If there is such thing as a reverse system-seller – a title that falls so far short of expectations that it actually casts a cloud of doubt over an entire console – then the original Red Steel was that game. Lured in by the promise of visceral motion-controlled swordplay, early adopters instead experienced a hodgepodge of uninspired combat, ugly visuals and, most damning for Nintendo’s fledgling console, utterly broken controls. What might have been a rousing proof of concept that the Wii could offer a unique twist on the first-person shooter instead offered evidence that the system was really just an underpowered gimmick.
Now, nearly three and a half years later, Ubisoft has released less a sequel than a do-over, this time with the added precision of the Wii Motion Plus add-on. It’s little surprise that the controls have tightened accordingly. What’s more shocking is that nearly every other aspect of the game has improved as well.
Red Steel 2 ditches the shoddy realism of its predecessor in favor of a more stylized setting. Instead of taking place in modern-day Tokyo, Red Steel 2‘s locales are a mashup of Wild West ghost towns, Japanese pagodas and industrial machinery. The game’s art direction similarly veers away from the original Red Steel. Gone are the character models resembling those of the N64’s GoldenEye, replaced by cel-shaded samurai that wouldn’t look out of place in an Eastern version of Borderlands. It’s a universally positive change; instead of trying for photorealism and stumbling out of the gate due to the Wii’s lack of graphical horsepower, Red Steel 2 carves its own unique atmosphere from relatively limited means.
As dramatic an improvement as the world design is, though, it pales in comparison to the enhancements to Red Steel 2‘s combat. Once again, Ubisoft threw the original game’s stilted combat out the window in favor of something more fluid and natural. In Red Steel 2, both your sword and your arsenal of firearms are available at all times, though you’ll find different weapons more suited to different purposes. Some enemies are heavily armored, making them impervious to bullets until you land enough blows to slash off their chestguards; others pester you from a distance with machine gun fire even as you confront other melee combatants. This setup forces you to develop and execute a strategy on the fly or risk repeated failure – and there’s no Super Guide to hold your hand through this harrowing experience.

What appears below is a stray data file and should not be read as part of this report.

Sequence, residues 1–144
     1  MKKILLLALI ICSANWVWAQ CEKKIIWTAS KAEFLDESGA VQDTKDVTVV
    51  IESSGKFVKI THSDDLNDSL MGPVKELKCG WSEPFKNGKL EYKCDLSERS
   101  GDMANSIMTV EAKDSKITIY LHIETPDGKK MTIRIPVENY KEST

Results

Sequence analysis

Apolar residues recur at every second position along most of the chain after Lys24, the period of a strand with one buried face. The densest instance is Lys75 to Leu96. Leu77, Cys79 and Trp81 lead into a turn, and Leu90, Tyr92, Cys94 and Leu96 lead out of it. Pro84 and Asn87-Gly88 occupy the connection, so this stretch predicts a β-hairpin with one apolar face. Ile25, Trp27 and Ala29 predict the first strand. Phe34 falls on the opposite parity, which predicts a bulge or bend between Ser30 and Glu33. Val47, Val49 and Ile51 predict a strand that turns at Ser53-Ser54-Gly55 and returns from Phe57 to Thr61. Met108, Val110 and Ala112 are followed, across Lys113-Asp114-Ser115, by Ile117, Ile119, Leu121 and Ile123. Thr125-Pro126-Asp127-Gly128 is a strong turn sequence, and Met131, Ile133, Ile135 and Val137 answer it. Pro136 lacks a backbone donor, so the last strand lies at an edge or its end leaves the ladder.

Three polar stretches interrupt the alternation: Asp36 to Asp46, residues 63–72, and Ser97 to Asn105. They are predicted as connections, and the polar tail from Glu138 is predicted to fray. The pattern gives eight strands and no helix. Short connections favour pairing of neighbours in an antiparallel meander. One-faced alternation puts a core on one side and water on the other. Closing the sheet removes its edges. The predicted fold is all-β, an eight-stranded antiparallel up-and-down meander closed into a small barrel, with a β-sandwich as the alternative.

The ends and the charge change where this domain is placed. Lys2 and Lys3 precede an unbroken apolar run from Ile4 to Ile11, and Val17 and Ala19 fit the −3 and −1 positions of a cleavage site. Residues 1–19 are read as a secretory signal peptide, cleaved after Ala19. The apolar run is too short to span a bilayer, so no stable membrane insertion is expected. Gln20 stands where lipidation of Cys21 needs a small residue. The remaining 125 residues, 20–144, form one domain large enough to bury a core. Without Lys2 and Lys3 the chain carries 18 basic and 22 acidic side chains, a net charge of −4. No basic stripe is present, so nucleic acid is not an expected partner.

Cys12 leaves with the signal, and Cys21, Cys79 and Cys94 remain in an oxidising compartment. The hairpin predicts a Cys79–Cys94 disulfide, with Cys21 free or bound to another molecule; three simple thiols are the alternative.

While your pistol is always just a trigger pull away, you’ll probably find yourself reaching for your katana far more often, partly for the novelty of it but mostly because it’s so much more effective against virtually all enemy types. In addition to your standard repertoire of slashes, parries and stabs, Red Steel 2 also boasts a number of purchasable combo moves and combat abilities. Some, like the Matador, let you quickly flank an enemy before they have time to react, while others, like the Cyclone, perform a 360-degree slash that is perfect for when you need to give yourself some breathing room. Not only are the sword gestures intuitive – thrust the Wii remote forward to stab, swing to slash, etc. – but the dodge button, in concert with the game’s nunchuk thumbstick, let you dash around the playing field with precision and ease.
But while you have nearly perfect control of your character in combat, the world can seem pretty constrained when your gun is holstered and your sword is sheathed. Thanks to a quest system that is almost too streamlined and a mini-map that never leaves your objective in doubt, you begin to notice what a narrow path the game puts you on even through supposedly open-world environments. The game world is broken into discrete chunks separated by largely invisible but occasionally annoying loading screens, and it reuses the same sections multiple times, meaning you’ll often get a curious case of Déjà vu without being able to remember why an area looks so familiar.
Ultimately, though Red Steel 2‘s level design may reek of compromise, its swordplay easily compensates for those shortcomings. It’s one of those rare games that gives you the tools to easily dispatch hordes of enemies with precise timing and careful strategy, but scales your opponents accordingly. Every battle has the potential to be a nail-biter, and I can’t even count the number of times when I faced down a group of rival ninjas and limped away with just a fraction of my health bar remaining. And when the combat is this good, a couple extra seconds of load times just doesn’t seem that important.
Bottom Line: Over three years after the Wii hit store shelves, Red Steel 2 finally delivers the motion-controlled swordplay we expected from the original Red Steel, and it more than makes up for any niggling flaws in the level design.
Recommendation: If you’re in the minority of Wii owners who also enjoy first-person shooters, you likely won’t do better than this for a long, long time.
Jordan Deam is just a couple hours of Red Steel 2 away from developing a mean case of katana elbow.